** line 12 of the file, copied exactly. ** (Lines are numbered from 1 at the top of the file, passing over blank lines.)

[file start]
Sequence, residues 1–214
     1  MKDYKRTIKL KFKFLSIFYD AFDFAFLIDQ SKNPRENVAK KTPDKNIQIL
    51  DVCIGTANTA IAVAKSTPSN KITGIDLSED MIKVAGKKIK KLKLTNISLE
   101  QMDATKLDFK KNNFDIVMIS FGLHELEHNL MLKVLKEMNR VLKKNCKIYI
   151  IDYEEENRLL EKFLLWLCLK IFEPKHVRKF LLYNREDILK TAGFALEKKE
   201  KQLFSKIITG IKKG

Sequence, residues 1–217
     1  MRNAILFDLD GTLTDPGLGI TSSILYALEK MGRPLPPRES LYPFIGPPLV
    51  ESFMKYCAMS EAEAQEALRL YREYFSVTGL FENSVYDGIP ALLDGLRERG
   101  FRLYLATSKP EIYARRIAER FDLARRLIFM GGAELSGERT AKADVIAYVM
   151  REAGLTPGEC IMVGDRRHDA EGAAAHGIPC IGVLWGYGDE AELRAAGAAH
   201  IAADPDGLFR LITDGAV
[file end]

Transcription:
   201  IAADPDGLFR LITDGAV